• If you want to get some money while helping a great charity, this may be the right organization for you. You can also make a small amount of cash over time if you regularly donate to Recycle4Charity.
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    Try Empties4Cash. Empties4Cash is another organization that offers cash or charity donations for empty ink and toner cartridges. You receive a prepaid shipping box and can mail your donations to the Empties4Cash headquarters. You can choose to either receive cash back for your donations or donate the money to one of the charities supported through Empties4Cash.[6]
    • If you would prefer to donate, you can find a list of charities Empties4Cash supports on their website. You can choose a charity you find personally meaningful.
    • You can e-mail Empties4Cash through their website. Include your name and address. If you're donating to charity, include the charity you would like to support. You should then receive a box through the mail you can mail in to the Empties4Cash headquarters.
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    Send empties to Cartridges for Kids. If you're interested in donating cartridges to charities, Cartridges for Kids donates proceeds made from recycled cartridges to schools and non-profit organizations. As with other charities, you can send in your empty ink and toner cartridges. Once you've accrued at least $25 in donations, you will receive a check from the company. A portion of the money your donations made will go towards schools and non-profits supported through Cartridges for Kids.[7]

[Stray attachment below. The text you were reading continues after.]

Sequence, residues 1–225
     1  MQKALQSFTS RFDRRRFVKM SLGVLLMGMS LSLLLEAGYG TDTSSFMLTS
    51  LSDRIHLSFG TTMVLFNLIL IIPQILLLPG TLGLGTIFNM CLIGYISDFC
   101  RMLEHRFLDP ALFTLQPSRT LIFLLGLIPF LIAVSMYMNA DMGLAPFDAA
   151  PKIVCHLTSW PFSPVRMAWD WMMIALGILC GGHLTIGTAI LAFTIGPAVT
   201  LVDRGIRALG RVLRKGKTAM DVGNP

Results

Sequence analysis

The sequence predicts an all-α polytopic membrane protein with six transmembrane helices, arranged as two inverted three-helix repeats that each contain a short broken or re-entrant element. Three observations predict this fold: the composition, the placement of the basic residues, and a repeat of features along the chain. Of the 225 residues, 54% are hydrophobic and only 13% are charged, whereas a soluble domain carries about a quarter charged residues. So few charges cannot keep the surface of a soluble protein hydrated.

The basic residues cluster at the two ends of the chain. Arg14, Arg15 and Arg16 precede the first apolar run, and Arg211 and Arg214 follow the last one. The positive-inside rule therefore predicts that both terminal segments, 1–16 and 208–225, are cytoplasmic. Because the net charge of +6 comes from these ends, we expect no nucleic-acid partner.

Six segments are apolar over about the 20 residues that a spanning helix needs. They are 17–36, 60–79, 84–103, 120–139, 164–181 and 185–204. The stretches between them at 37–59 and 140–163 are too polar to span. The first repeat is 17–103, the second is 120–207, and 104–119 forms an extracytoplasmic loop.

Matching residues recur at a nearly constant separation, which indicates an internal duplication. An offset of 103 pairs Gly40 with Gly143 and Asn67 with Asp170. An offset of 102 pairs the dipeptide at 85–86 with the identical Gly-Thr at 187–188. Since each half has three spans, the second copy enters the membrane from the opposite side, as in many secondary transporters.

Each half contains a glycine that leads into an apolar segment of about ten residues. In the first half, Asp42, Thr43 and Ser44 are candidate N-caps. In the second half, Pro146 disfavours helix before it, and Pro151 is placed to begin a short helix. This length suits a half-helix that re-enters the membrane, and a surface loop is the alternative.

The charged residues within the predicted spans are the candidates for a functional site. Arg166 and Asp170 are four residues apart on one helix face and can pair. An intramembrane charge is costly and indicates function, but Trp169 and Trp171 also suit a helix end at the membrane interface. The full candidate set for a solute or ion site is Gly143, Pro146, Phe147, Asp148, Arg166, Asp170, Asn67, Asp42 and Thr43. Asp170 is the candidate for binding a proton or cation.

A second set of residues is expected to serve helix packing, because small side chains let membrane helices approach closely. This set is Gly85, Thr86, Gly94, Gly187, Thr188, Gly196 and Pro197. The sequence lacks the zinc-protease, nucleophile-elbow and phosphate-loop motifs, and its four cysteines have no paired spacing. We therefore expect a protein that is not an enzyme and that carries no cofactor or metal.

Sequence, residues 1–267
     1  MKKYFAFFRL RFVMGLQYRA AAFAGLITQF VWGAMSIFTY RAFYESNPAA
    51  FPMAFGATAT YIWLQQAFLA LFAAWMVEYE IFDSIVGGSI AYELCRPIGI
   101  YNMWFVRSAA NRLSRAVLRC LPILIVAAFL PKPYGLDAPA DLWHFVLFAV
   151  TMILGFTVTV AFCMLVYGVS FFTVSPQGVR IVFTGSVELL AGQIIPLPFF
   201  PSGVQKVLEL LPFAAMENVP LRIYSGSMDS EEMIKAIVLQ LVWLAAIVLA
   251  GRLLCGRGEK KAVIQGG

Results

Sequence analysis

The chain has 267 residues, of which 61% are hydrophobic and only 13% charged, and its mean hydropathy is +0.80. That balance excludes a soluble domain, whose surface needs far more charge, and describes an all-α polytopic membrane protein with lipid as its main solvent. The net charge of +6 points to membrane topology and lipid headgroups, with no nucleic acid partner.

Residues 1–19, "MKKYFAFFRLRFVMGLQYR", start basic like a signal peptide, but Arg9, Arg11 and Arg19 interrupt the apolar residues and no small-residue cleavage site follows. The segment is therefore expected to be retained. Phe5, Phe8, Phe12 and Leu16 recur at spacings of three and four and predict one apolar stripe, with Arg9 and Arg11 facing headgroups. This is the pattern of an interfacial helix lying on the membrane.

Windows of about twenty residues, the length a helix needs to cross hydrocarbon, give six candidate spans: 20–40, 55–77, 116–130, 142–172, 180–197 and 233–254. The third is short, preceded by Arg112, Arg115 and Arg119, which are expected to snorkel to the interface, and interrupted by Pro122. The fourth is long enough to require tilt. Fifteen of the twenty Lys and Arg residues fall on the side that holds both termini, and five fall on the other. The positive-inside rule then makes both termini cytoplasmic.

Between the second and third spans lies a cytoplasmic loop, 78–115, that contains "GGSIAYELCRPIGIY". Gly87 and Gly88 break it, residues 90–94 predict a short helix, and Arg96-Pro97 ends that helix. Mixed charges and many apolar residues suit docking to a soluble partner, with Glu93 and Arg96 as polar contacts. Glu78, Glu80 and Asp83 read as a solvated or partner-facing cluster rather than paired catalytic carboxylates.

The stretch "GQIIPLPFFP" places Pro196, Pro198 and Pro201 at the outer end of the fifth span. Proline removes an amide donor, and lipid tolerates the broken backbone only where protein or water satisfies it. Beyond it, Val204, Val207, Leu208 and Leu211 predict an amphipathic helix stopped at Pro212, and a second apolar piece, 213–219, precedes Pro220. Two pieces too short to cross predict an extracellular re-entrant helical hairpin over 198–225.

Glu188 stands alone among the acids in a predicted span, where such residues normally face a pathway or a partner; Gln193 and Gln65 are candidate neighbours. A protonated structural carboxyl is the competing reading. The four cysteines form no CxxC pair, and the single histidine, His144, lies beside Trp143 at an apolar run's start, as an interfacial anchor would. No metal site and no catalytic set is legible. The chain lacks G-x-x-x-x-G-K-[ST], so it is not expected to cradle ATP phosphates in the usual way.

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    Donate to local charities. Donating to local charities is also always an option. You can look into local charities in your area and see if there are any recycling drives. See if the charity in question accepts ink and toners as recyclables. This can be a quick way to assure your products are recycles while helping a worthy cause.
    • Keep your eye out for donations boxes around town. If a certain charity is having a recycling drive, you may find donations boxes asking for recyclables. Make sure the boxes explicitly say they take empty toner cartridges before placing your donations in the box.

Method 3
Reducing Waste

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    Reuse old ink and toner cartridges. You can recycle ink cartridges on your own through simple reuse. Most office supplies stores will refill old ink or toner cartridges for a small fee. This is usually cheaper than purchasing new cartridges and allows you to cut back on your carbon footprint.[8]
  2. 2
    Use less ink and paper. You should also work on using less ink and paper in general. This can cut back on waste, and will result in your cartridges lasting longer. Try to read documents on screen. When possible, opt to fill out forms online. Go for electronic tickets when traveling, and have itineraries pulled up on your phone instead of printed on paper.
  3. 3
    Buy recycled cartridges. You can purchase ink and toner cartridges that have been remanufactured online or at local outlets where they are sold. Many people prefer to buy recycled cartridges to reduce waste, and because they are often cheaper. Usually, recycled cartridges work well. However, make sure to take certain precautions before making a purchase.[9]
    • Read reviews of any company you do business with. It takes some work to repurpose cartridges, and some companies do so better than others.
    • See if there is a return policy or warranty. Companies invested in quality usually offer returns or warranties upfront.


  • Don't be afraid to ask for cash or rewards for your empty cartridges. Empties can be very valuable and you should be rewarded for returning them.
  • Big office supply companies like Staples, Office Max, WB Mason, etc. offer rewards for certain cartridges, but not all. Check with them about specific rewards programs offers for returning empties.
  • Disposing of empties with a certified electronics recycling company directly or through a computer and electronics disposal event is a viable alternative, although you should ask them what they do with anything that you dispose of with them - not just your empty cartridges.

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Categories: Home Organization & Recycling